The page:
A new scientific paper was recently published in the American Journal of Emergency Medicine on the cardiovascular complications of coronavirus disease 2019 (COVID-19). According to the paper, more attention has been paid to the pulmonary complications of COVID-19, with less attention being paid to the cardiovascular complications that can result in death or impairment.1

The paper’s aim was to educate emergency medicine doctors who are treating patients with potential or confirmed COVID-19 on the dangerous cardiovascular complications of the virus. The authors explained that COVID-19 can cause complications such as heart failure, heart attacks, and blood clots, and can lead to strokes.1

"In writing this article, we hope to increase emergency physicians' knowledge and awareness of this new pathogen and its impact on the cardiovascular system," said William Brady, MD, professor of Emergency Medicine, Medicine, & Nursing Vice-Chair for Faculty Affairs, Department of Emergency Medicine, University of Virginia, in a press release. "As we encounter more and more patients with COVID-19-related illness, we are increasing our understanding of its impact on the body in general and the cardiovascular system in particular. The rate of learning on this area is amazingly rapid. Information continues to change weekly, if not daily."2

A particular concern for patients with COVID-19 is the potential for heart failure. According to a recent study the authors referred to in the paper, researchers found that 24% of COVID-19 patients suffer from acute heart failure when first diagnosed with COVID-19.1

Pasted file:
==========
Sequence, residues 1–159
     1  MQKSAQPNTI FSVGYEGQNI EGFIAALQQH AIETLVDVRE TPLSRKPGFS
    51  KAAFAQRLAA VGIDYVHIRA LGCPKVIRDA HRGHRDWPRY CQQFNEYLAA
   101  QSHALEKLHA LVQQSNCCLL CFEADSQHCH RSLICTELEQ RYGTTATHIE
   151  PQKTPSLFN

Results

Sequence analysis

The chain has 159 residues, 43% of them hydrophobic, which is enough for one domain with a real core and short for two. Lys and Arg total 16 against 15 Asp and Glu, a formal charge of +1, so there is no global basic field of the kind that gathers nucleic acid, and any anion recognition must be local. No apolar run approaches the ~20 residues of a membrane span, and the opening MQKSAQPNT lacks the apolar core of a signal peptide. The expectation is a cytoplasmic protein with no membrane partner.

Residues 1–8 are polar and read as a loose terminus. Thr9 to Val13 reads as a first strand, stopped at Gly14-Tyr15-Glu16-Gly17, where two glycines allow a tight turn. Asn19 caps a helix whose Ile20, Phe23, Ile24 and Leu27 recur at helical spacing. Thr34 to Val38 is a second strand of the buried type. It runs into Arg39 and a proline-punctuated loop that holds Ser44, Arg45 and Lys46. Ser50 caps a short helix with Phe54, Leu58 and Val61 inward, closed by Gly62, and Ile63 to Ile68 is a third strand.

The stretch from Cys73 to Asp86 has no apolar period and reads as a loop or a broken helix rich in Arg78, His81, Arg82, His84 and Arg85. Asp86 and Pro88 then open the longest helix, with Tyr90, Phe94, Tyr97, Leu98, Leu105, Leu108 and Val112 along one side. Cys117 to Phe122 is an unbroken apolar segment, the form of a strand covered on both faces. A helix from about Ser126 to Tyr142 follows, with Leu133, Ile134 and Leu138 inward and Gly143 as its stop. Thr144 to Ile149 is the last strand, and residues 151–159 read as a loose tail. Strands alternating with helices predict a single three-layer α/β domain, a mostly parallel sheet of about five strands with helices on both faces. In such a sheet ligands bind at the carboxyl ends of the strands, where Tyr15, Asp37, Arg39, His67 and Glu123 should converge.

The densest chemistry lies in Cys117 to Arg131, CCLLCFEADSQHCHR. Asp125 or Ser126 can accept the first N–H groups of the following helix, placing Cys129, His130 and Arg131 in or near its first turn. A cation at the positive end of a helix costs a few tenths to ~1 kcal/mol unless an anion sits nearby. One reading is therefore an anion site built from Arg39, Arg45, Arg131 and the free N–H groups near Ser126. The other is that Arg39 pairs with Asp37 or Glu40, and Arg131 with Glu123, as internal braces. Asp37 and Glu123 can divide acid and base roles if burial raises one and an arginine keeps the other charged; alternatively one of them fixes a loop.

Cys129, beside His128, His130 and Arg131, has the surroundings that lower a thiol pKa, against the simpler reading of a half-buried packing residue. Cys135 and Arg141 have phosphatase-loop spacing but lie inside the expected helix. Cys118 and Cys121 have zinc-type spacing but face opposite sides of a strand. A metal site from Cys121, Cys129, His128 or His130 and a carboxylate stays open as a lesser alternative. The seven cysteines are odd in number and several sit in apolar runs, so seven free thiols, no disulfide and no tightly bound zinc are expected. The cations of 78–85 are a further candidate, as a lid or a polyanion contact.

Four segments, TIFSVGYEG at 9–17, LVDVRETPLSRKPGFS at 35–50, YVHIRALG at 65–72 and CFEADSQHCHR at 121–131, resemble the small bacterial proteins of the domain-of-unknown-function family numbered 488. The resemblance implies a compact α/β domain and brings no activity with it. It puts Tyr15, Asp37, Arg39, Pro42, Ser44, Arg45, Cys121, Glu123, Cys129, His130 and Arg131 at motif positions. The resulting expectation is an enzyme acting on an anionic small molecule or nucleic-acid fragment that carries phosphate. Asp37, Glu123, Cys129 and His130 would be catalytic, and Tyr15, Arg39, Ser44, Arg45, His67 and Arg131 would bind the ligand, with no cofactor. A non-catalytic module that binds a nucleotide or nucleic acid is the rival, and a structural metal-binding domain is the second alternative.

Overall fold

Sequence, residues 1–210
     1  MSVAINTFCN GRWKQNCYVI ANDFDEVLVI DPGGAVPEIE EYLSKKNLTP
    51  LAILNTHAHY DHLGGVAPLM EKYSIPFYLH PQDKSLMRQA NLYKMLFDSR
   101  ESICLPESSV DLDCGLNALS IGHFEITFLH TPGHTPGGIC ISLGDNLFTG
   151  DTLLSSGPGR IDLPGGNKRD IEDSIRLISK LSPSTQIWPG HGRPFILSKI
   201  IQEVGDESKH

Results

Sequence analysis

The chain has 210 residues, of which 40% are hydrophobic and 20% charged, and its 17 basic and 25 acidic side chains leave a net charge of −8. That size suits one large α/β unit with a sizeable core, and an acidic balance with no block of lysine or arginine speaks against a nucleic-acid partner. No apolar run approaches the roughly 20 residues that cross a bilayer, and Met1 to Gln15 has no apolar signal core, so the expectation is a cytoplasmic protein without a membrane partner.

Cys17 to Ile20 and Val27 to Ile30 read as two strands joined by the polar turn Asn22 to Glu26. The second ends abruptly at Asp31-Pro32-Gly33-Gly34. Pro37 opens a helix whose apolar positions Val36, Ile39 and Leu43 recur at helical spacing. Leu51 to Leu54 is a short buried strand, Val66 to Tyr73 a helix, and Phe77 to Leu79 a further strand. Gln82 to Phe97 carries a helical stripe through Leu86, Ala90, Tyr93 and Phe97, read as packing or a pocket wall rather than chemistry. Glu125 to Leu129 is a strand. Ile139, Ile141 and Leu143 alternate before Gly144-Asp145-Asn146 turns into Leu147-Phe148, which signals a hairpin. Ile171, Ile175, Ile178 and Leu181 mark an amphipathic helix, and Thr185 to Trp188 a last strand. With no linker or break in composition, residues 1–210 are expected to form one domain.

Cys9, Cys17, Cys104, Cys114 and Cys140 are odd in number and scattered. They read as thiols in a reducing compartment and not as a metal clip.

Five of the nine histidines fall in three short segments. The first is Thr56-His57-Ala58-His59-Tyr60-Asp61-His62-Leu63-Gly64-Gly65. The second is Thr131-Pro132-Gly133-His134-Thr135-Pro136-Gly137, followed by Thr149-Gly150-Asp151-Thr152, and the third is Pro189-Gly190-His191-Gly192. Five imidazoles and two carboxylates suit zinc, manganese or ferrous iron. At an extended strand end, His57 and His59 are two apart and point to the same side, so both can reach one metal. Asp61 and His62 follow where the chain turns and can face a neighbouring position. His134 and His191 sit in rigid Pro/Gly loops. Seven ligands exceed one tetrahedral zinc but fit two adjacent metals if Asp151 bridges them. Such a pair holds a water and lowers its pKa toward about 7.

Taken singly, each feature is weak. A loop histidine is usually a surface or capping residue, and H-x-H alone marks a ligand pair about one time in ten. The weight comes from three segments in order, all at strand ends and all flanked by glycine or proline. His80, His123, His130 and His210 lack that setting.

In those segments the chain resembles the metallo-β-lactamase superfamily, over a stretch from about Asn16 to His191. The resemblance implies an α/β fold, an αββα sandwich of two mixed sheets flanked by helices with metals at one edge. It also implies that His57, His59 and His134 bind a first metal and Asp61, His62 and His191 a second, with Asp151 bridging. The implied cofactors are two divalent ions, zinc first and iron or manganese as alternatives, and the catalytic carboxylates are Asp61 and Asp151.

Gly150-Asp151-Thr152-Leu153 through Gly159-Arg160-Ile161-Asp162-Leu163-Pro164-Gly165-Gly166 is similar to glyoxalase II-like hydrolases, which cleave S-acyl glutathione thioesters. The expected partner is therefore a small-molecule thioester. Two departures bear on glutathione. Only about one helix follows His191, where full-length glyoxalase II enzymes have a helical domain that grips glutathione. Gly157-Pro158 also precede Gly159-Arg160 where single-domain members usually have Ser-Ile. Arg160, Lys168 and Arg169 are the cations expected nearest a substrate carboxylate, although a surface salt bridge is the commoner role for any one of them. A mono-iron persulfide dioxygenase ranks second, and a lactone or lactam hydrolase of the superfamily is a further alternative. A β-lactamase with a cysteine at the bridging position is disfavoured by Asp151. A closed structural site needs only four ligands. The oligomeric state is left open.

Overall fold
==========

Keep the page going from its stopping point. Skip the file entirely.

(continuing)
However, the authors noted that this doesn't mean that 24% of all COVID-19 patients will suffer heart failure. They explained that it currently is unclear whether the heart failure was the result of COVID-19 or if the virus was exacerbating a preexisting but undiagnosed heart condition. Of the patients who did suffer from heart failure, approximately half were not known to have preexisting high blood pressure or cardiovascular disease.1

The authors explained further that since COVID-19, like other diseases of its kind, causes severe inflammation throughout the body, there is an increased risk of heart attack and stroke. Inflammation causes fatty plaque build-up in the blood vessels, which has the potential to rupture, resulting in a heart attack or stroke.1

It is especially important to note, the authors explained, that some COVID-19 treatments interact with medicines used to treat cardiovascular conditions. For example, the malaria drug hydroxychloroquine can interact with medications designed to regulate heart rhythm. Additionally, interactions with hydroxychloroquine can cause heart damage and worsen cardiomyopathy.1

Furthermore, remdesivir, an antiviral that is the only COVID-19 treatment authorized by the FDA, can cause low blood pressure and abnormal heart rhythm. These potential interactions are crucially important for physicians to keep in mind when treating patients with COVID-19, according to the paper.1

"As we gain more experience with this new pathogen, we realize that its adverse impact extends beyond the respiratory system," Brady said in a press release. "We will continue to learn more about COVID-19 and the most optimal means of managing its many presentations."2

  1. Long B, Brady WJ, Koyfman A, et al. Cardiovascular complications in COVID-19. American Journal of Emergency Medicine. 2020. sciencedaily.com/releases/2020/05/200515115644.htm. Accessed June 5, 2020.
  2. Heart attacks, heart failure, stroke: COVID-19's dangerous cardiovascular complications [news release]. University of Virginia Health System; May 15, 2020. doi: 10.1016/j.ajem.2020.04.048.